Well, for one thing, it was living there at the village, being there with Don Jose. And getting up every day and telling your dreams to the fire, and connecting with the light of what the Huichols call "Grandfather Fire." You know, to go to his cornfield, for example with him, or to go and gather firewood. You know, simple things like this. I remember one story I like to share is he said, "Come on down to my cornfield, Grandson, and I'll teach you something about shamanism." And I thought, "Finally!" Because just living there seemed like a very mundane experience at first. So I thought, "Finally, now I'm going to get something deep and profound." So we went down to the cornfield, and he gave me a machete. He says, "Here, cut the brush down here. And I'm going to plant blue corn here and red corn on this other hillside." And I started to cut down the brush, you know, but it was difficult for me. I had never cleared a mountain. And I went over finally to him and said, "Grandfather, I have a blister on my hand." And he acted like he, you know, that really bothered him. And he was joking around, and I put the machete down. And he goes, "Well, you've been here now for a few hours, Earth has been talking to you all day. Did you hear anything?" And of course, you know, I said, "No." And he goes, "Aah!" He picked up the machete, he goes, "Well, you missed your big Sharman lesson. "Back to work." So that was his way of teaching me. And I see that very clearly now.
Brant Secunda 16:22
And so that was how a lot of my apprenticeship went, just being with Don Jose and living with him, sharing the life. Then he took me on many, what we call pilgrimages, sacred journeys to places of power. What we call ???, dreaming guides or dreaming goddesses, who in ancient times transformed into places of power. And when we go there, we can embrace their power with our love, with our prayers, with our offerings that we might leave. For example, one place would be what we're all familiar with here is the ocean. Or going to little lakes, little river, springs. Going to where the Mountain where the Sun was born, in the high desert. And it's not right there where the village was. It was a ways away. And going with Don Jose, to these places, just little by little I see now transformed my life, like a diamond take so long to become a diamond. And he used to say "that our heart was being polished, little by little by little." And Don Jose used to say, "Grandson, try to learn something each and every day of your life, so that your life becomes like a living ceremony."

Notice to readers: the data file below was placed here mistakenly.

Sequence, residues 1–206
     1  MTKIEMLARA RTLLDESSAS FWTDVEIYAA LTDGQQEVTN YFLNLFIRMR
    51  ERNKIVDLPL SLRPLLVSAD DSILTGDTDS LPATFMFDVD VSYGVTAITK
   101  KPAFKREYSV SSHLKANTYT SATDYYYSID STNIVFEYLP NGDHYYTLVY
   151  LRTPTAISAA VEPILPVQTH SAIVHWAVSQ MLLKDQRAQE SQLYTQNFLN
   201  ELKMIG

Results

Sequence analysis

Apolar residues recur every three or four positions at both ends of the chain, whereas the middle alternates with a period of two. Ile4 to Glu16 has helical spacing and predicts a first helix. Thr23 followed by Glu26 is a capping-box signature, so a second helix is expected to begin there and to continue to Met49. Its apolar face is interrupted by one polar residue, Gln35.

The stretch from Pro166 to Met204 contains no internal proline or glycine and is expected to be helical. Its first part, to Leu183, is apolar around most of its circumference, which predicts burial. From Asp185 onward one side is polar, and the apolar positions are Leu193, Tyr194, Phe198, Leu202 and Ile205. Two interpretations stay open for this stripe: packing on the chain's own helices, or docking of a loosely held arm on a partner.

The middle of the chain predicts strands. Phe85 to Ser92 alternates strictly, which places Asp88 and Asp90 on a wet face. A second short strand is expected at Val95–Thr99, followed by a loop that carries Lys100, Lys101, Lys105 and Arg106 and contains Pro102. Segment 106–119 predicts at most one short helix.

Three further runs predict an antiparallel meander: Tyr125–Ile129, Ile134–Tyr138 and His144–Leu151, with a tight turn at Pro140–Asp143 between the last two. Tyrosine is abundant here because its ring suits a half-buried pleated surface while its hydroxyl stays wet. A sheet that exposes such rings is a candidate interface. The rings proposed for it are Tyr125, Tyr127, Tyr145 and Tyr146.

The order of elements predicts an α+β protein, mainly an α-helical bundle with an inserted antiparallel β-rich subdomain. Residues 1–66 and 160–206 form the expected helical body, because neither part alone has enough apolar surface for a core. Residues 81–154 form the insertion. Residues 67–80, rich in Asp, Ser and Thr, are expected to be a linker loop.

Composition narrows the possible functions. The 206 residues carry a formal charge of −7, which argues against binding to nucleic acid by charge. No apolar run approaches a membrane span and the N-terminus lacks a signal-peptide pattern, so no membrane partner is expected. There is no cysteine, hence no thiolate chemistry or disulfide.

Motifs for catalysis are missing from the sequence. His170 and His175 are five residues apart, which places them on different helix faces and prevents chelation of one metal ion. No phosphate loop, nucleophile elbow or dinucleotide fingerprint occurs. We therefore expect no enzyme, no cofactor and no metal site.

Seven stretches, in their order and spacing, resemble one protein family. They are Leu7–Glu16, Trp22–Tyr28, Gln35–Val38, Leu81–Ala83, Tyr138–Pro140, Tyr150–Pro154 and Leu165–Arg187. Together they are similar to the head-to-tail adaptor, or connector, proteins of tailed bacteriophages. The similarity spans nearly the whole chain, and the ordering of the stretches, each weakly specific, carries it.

Andy Vantrease 18:00
You know, you're learning but it's also just a deepening of a sense of being.
Brant Secunda 18:06
Right. And it wasn't like one minute to the next, you know.
Andy Vantrease 18:10
Right? Right. A lot of patience.
Brant Secunda 18:13
A slow process. And Don Jose used to tell me, "Oh, you'll be a healer, and that'll be your work." And in those days, there were no shaman healers in our society anyway. And a healer in my family was my grandfather. He was a medical doctor. And, you know, that was a healer. And I didn't understand when Don Jose said, "You'll be a healer when you finish your apprenticeship. And that'll be your work." And I thought, "Well I don't know how that could be."
Andy Vantrease 18:51
If I were to just ask, what is shamanism? How would you begin to describe that?
Brant Secunda 18:57
Right. Well, first the word "Shaman" comes from Russia, from the Tungas tribe in Siberia. And then anthropologist kind of grabbed on to that term, and it caught on. In the Huichol language, "shaman" is ???. ???. And that means, "deer spirit person," one who becomes like the deer, one who can speak to the deer and call the deer to the circle for healing. And shamanism essence is to connect with the spiritual world of nature, to connect with the trees and the flowers and the winged ones, and the mountains, and the lakes. These are our ancestors according to Huichol shamanism. And so it's up to us as "two leggeds," as human beings to connect with the spiritual world of nature, connecting with the four directions, connecting with the elements. Think of the air. We like to joke around, we're all breathetarians. Ever, every one of us is a breathetarian. We all breathe that sacred air. And the winged ones bring us that air. And then we have the next element, which is water. And water has the power of beauty. Water makes us beautiful, just by drinking water, or going to a river, going to a lake helps make us more beautiful, even than moments before. Of course, [next] is the Earth, the Earth Mother. And that Earth Mother has the power of love. And so we want to connect with that spirit of love in our everyday life, as we connect with other people, and our family, our friends, our loved ones. And of course, to the Light, the Light of Grandfather Fire. And remembering that that Light is living inside of our own heart, inside of our own self, inside of our own soul, as who we are as people. So that's what I personally would say shamanism is.